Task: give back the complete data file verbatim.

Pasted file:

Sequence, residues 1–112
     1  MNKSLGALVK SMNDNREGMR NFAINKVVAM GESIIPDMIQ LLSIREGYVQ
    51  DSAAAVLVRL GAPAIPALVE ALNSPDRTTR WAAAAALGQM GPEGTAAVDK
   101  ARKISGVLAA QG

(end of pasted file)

Sequence, residues 1–112
     1  MNKSLGALVK SMNDNREGMR NFAINKVVAM GESIIPDMIQ LLSIREGYVQ
    51  DSAAAVLVRL GAPAIPALVE ALNSPDRTTR WAAAAALGQM GPEGTAAVDK
   101  ARKISGVLAA QG